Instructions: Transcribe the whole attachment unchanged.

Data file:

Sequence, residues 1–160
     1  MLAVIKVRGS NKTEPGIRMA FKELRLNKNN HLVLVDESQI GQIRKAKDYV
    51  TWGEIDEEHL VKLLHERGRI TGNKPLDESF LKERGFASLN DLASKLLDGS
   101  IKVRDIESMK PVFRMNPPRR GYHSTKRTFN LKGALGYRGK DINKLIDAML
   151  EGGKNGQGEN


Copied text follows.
Sequence, residues 1–160
     1  MLAVIKVRGS NKTEPGIRMA FKELRLNKNN HLVLVDESQI GQIRKAKDYV
    51  TWGEIDEEHL VKLLHERGRI TGNKPLDESF LKERGFASLN DLASKLLDGS
   101  IKVRDIESMK PVFRMNPPRR GYHSTKRTFN LKGALGYRGK DINKLIDAML
   151  EGGKNGQGEN